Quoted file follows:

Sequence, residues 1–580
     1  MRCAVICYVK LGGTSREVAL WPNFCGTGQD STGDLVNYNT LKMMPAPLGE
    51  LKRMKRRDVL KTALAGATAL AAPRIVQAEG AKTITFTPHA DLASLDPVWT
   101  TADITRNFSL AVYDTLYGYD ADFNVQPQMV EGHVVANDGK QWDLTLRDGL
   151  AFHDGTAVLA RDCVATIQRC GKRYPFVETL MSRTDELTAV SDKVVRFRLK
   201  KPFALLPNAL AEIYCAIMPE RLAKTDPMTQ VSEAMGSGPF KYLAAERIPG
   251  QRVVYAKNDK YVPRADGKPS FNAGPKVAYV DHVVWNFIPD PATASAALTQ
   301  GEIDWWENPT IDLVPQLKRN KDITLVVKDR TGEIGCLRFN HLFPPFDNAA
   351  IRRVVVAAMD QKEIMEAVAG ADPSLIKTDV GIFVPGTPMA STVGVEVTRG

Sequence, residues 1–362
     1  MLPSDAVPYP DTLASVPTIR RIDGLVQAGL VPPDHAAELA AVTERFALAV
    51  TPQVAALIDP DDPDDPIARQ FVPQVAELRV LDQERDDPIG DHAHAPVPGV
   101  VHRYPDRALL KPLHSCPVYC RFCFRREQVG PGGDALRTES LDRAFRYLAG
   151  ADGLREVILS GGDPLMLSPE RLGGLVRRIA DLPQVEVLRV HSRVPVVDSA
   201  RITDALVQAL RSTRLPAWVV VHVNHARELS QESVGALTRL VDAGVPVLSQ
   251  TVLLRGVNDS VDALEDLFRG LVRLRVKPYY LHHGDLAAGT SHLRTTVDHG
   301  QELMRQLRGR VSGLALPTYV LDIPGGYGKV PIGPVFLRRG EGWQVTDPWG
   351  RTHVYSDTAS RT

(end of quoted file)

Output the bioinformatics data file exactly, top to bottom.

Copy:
Sequence, residues 1–580
     1  MRCAVICYVK LGGTSREVAL WPNFCGTGQD STGDLVNYNT LKMMPAPLGE
    51  LKRMKRRDVL KTALAGATAL AAPRIVQAEG AKTITFTPHA DLASLDPVWT
   101  TADITRNFSL AVYDTLYGYD ADFNVQPQMV EGHVVANDGK QWDLTLRDGL
   151  AFHDGTAVLA RDCVATIQRC GKRYPFVETL MSRTDELTAV SDKVVRFRLK
   201  KPFALLPNAL AEIYCAIMPE RLAKTDPMTQ VSEAMGSGPF KYLAAERIPG
   251  QRVVYAKNDK YVPRADGKPS FNAGPKVAYV DHVVWNFIPD PATASAALTQ
   301  GEIDWWENPT IDLVPQLKRN KDITLVVKDR TGEIGCLRFN HLFPPFDNAA
   351  IRRVVVAAMD QKEIMEAVAG ADPSLIKTDV GIFVPGTPMA STVGVEVTRG

Sequence, residues 1–362
     1  MLPSDAVPYP DTLASVPTIR RIDGLVQAGL VPPDHAAELA AVTERFALAV
    51  TPQVAALIDP DDPDDPIARQ FVPQVAELRV LDQERDDPIG DHAHAPVPGV
   101  VHRYPDRALL KPLHSCPVYC RFCFRREQVG PGGDALRTES LDRAFRYLAG
   151  ADGLREVILS GGDPLMLSPE RLGGLVRRIA DLPQVEVLRV HSRVPVVDSA
   201  RITDALVQAL RSTRLPAWVV VHVNHARELS QESVGALTRL VDAGVPVLSQ
   251  TVLLRGVNDS VDALEDLFRG LVRLRVKPYY LHHGDLAAGT SHLRTTVDHG
   301  QELMRQLRGR VSGLALPTYV LDIPGGYGKV PIGPVFLRRG EGWQVTDPWG
   351  RTHVYSDTAS RT